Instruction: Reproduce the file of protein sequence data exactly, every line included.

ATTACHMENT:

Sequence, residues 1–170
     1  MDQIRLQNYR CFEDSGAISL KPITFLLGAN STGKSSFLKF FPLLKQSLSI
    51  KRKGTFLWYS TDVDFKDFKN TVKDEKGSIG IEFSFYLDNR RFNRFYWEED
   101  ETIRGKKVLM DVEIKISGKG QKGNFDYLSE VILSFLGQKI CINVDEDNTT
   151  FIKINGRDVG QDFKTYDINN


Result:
Sequence, residues 1–170
     1  MDQIRLQNYR CFEDSGAISL KPITFLLGAN STGKSSFLKF FPLLKQSLSI
    51  KRKGTFLWYS TDVDFKDFKN TVKDEKGSIG IEFSFYLDNR RFNRFYWEED
   101  ETIRGKKVLM DVEIKISGKG QKGNFDYLSE VILSFLGQKI CINVDEDNTT
   151  FIKINGRDVG QDFKTYDINN